SOLDIERS, sailors and airmen who fought for the independence of Malaysia have been awarded medals at a special ceremony in Swindon.
More than 200 forces veterans collected medals from Colonel Rajti at Swindon Royal Air Force Association club in Old Town yesterday. Col Rajti made the presentations on behalf of the King and Queen of the Asian country, in recognition of the men's service in the 1950s and 1960s.
Mike Brokenshire was one of the recipients of the Pingat Jasa Malaysia, or Malaysian Service Medal. The 69-year-old from Upper Stratton served in both peninsular Malaysia and the island of Borneo.
He said: "I have an MBE for my service with the air force in Germany, which I am very proud of. But this medal has made many of us extremely happy, because our efforts in Malaysia weren't particularly recognised.
"I was speaking with people from the army and navy, as well as one guy from the Special Boat Service. This medal has a special significance."
The Malaysian government decided in 2005 that Commonwealth servicemen who fought there after the war deserved recognition. Malaysia gained independence from Britain in 1957, and a communist force that wanted to take power immediately threatened the fledgling government.
In the early 1960s General Sukarno, the leader of neighbouring Indonesia, decided to attack Malaysian territories on the island of Borneo.
Jerry Binstead, a 66-year-old former commando with the Royal Marines, went out to fight in 1965.
He said: "There were thousands of troops in Malaysia at that time to face down the first threat from the communists and then from Indonesia.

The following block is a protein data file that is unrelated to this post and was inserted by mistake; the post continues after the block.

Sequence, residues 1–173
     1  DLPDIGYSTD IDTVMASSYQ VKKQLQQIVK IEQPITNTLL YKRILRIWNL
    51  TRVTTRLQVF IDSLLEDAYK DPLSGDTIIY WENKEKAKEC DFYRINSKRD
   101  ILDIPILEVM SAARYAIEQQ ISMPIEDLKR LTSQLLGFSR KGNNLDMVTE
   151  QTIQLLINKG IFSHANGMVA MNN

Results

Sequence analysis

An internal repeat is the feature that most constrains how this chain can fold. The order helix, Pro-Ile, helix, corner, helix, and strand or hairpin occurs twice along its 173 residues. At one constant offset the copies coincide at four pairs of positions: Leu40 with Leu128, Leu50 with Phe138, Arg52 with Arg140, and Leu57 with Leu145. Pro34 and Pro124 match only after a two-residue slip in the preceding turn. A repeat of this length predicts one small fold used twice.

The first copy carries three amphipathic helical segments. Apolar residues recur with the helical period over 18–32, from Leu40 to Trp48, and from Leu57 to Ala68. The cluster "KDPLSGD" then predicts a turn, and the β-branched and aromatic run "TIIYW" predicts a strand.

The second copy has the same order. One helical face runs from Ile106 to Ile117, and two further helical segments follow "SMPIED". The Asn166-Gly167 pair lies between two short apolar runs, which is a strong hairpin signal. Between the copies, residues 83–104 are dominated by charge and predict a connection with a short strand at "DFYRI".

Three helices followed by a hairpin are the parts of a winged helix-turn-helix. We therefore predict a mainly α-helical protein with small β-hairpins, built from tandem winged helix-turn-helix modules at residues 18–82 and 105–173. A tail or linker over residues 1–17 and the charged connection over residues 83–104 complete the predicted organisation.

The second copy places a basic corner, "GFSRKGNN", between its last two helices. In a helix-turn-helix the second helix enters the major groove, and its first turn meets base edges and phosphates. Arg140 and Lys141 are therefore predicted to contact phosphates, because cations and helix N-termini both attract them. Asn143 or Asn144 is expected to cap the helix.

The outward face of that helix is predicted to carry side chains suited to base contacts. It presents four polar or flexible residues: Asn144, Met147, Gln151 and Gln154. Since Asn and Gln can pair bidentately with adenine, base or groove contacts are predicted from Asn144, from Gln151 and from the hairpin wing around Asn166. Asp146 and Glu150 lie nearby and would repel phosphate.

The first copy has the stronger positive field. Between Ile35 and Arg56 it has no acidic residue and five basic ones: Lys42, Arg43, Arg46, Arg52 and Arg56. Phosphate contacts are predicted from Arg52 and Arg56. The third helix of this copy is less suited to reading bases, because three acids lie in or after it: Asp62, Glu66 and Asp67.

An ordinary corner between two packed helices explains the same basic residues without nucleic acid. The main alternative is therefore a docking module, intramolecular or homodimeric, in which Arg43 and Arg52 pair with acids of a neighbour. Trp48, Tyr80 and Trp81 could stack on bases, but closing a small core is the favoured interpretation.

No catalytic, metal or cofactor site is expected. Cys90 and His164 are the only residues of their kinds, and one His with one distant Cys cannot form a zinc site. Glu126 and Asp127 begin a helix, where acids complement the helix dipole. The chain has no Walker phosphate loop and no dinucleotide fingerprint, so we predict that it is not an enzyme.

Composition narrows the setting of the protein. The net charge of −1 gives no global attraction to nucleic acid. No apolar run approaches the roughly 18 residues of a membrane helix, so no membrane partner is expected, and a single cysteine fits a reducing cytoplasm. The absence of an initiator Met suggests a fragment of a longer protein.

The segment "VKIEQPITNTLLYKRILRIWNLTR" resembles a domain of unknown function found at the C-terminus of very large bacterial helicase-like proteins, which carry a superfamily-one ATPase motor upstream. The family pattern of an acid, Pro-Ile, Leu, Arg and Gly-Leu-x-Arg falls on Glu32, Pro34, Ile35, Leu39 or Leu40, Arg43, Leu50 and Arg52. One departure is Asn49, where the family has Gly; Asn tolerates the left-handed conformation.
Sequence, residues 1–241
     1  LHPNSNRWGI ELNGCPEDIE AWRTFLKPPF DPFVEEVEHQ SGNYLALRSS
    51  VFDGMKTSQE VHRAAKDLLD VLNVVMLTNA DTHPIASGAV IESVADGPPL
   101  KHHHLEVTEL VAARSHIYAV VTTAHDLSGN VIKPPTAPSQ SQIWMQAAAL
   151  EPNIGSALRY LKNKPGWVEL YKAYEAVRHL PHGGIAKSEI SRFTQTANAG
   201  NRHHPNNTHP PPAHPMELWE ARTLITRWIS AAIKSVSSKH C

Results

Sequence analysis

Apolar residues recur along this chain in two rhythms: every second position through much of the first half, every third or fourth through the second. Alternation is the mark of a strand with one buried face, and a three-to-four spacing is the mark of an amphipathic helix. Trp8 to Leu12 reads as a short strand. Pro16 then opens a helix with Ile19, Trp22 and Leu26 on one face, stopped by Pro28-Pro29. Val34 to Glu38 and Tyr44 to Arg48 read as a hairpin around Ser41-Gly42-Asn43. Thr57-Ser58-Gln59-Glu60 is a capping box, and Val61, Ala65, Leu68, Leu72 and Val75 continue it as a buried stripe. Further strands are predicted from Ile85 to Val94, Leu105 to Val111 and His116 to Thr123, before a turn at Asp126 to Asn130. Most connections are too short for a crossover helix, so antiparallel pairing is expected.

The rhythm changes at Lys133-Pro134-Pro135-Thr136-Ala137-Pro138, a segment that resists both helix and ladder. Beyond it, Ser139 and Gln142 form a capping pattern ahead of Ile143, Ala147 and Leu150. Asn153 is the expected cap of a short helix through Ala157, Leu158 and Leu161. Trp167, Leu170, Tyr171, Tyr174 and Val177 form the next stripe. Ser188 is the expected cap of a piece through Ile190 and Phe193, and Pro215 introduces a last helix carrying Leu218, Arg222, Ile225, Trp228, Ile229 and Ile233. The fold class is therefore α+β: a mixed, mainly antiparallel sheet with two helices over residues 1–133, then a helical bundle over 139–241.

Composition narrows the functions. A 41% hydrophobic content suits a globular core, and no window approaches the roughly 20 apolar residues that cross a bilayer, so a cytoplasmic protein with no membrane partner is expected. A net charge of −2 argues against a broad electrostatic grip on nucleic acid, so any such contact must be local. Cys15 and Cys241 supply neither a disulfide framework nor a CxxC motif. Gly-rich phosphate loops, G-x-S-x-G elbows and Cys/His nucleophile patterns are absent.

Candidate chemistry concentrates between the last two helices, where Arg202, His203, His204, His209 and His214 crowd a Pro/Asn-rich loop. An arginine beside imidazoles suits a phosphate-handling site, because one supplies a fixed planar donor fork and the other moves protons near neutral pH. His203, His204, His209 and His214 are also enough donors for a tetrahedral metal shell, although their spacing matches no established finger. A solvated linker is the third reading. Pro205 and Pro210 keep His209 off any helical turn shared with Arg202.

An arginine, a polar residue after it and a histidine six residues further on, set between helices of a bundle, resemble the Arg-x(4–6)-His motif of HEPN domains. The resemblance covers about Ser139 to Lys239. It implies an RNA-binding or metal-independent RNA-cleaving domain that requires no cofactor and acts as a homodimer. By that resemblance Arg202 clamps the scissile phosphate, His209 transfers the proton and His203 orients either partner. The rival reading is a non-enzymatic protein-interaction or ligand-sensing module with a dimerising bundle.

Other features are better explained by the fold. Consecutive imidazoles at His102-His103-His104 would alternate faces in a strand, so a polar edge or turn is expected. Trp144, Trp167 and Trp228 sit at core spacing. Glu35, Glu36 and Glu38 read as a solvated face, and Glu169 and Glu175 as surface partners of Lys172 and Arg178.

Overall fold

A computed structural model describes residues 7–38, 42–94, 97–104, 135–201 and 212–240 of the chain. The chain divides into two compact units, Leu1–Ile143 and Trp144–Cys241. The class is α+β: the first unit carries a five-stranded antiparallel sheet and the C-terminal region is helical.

"Sukarno didn't like the Malaysian provinces on Borneo. He wanted it to be a united part of Indonesia, so he launched attacks on the borders.
"The fighting was extensive but it remains one of the only campaigns in the post-colonial era that was a success."
Michael Kissane, a 65-year-old retired air force paramedic, gave the colonel a traditional welcome on his bagpipes.
The Liden resident said: "We are very proud of what was achieved in Malaysia because it is a rare example of a stable post-colonial democracy.
"We lost 500 British troops in Malaysia and there were dozens of other nationalities who fought there, so it's great to have our effort recognised."
Hugh Thompson was only 19 when he was sent to Malaysia with the Air Force.
The 60-year-old Branch standard bearer for Swindon RAFA was based in beautiful jungle near the South China Sea.
He said: "It was a lovely part of the world but the scene of some vicious fighting. I was lucky to avoid frontline hostilities but many men died there, so I wear the medal for them."